For a long time people have been predicting falls in UK house prices. Some people have been predicting the imminent collapse of the UK Housing Market for the past 6 years. However, a drop in house price may soon become a reality. What has changed in the past 12 months which now make house price falls more likely?
1. Sub Prime Mortgage Crisis.
Defaults on US mortgages don't directly affect UK house prices. But, many mortgage lenders have gone bankrupt, and therefore, financial institutions are much less willing to buy mortgage debt from banks like the Northern Rock. As a consequence the price of mortgages is likely to rise, especially for adverse credit mortgages - this is because they are considered more risky and therefore, require a higher premium. The increased cost of mortgages will discourage people to buy houses
2. Lower confidence.
As a result of the sub prime crisis, falling house prices in US and the northern rock crisis, many people are now more fearful about the future of house prices. In particular, this is discouraging buy to let investors. Some people may see 2008 as a year to sell and capitalise on their house price gains.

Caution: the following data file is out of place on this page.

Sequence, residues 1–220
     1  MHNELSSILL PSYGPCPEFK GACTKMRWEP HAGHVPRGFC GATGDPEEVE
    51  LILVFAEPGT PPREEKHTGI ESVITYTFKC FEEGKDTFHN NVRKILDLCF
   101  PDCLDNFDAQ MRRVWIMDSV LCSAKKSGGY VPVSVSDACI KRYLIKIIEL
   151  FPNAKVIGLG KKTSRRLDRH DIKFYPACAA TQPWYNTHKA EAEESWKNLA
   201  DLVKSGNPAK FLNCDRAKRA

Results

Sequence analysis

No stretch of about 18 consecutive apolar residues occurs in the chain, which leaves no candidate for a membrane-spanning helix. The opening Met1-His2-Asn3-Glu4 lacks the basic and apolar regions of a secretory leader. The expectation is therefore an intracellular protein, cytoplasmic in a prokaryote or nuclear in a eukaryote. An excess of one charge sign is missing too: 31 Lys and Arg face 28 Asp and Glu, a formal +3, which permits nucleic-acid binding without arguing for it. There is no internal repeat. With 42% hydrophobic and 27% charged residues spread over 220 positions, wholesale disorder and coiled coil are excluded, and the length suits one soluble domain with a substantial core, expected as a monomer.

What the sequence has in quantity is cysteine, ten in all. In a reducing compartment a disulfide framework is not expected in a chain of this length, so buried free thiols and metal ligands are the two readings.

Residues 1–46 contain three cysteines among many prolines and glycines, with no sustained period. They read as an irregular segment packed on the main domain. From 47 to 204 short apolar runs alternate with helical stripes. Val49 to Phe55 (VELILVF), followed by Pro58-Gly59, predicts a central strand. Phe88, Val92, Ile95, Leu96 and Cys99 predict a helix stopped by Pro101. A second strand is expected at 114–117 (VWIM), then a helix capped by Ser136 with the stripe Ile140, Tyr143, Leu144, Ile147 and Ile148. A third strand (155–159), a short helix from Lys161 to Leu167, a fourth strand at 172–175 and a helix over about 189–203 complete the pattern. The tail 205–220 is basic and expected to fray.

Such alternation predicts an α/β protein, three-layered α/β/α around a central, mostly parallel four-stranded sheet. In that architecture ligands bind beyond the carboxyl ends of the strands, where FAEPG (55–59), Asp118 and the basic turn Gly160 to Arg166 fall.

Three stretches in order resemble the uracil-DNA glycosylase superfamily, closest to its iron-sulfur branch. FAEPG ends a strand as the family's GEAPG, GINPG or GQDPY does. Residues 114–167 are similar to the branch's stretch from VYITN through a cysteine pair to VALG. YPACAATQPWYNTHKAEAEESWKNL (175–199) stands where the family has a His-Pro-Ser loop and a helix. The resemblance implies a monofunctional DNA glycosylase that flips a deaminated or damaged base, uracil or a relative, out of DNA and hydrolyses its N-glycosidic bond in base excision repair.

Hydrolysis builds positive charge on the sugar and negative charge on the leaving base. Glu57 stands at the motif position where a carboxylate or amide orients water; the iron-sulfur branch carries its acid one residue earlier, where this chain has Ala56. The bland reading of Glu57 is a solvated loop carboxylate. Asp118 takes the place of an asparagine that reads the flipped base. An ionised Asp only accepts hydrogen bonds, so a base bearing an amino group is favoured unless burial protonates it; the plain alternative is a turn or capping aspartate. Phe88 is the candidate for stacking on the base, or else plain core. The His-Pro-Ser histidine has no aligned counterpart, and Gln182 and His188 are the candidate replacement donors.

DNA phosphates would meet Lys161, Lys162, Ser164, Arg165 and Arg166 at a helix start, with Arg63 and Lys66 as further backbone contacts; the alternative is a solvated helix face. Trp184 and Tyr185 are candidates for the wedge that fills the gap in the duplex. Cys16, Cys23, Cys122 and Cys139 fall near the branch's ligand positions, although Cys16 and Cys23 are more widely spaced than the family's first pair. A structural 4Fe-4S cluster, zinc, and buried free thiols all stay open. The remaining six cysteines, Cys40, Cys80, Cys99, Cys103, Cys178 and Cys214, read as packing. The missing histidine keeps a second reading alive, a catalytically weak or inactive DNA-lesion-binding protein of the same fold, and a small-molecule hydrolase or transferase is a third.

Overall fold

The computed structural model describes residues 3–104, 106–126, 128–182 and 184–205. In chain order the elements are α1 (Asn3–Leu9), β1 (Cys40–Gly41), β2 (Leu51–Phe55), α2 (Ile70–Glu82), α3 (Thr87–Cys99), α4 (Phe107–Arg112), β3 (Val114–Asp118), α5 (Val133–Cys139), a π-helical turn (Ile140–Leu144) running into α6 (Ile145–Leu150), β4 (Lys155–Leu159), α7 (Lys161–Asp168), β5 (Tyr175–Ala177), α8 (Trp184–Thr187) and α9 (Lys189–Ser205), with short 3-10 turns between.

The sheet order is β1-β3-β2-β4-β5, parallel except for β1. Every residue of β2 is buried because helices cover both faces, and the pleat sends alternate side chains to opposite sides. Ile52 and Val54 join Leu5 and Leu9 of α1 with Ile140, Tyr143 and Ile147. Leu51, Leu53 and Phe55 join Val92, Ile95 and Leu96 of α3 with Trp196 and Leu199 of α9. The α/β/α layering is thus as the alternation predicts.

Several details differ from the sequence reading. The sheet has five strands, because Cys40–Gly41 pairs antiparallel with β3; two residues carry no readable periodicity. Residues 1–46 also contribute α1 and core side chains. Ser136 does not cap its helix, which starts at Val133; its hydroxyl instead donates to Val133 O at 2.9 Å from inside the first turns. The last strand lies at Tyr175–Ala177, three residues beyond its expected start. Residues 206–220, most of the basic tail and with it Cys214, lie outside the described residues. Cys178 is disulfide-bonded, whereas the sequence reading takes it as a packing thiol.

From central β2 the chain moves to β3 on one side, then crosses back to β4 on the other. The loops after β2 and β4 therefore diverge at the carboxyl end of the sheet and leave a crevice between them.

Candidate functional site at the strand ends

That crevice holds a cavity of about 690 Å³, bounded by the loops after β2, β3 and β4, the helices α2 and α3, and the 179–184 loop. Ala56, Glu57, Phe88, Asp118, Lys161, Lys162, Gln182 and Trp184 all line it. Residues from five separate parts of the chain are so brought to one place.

3. Increased interest Rates.
To combat rising inflationary pressure (which is actually still quite low) the Bank of England have increased interest rates 5 times in the past 13 months. Interest rates are now at 5.75%. Often there is a time lag for increased interest rates to have an effect. For example, people on fixed mortgages will be facing much higher deals when they remortgage over the next couple of months. Therefore, the impact of higher interest rates will continue to bear down on the affordability of mortgages and hence reduce demand for buying houses.
4. Ratio of House Prices to Incomes.
For many first time buyers the ratio of house prices to incomes means that it is difficult to save for a mortgage and difficult to save for a deposit. In the past first time buyers have often got around this difficulty by borrowing from parents and / or using unconventional mortgages like interest only or self certification mortgages. However, the sub prime crisis means mortgage lenders are now more reluctant to lend large income multiples. Therefore, the demand from first time buyers is likely to dry up.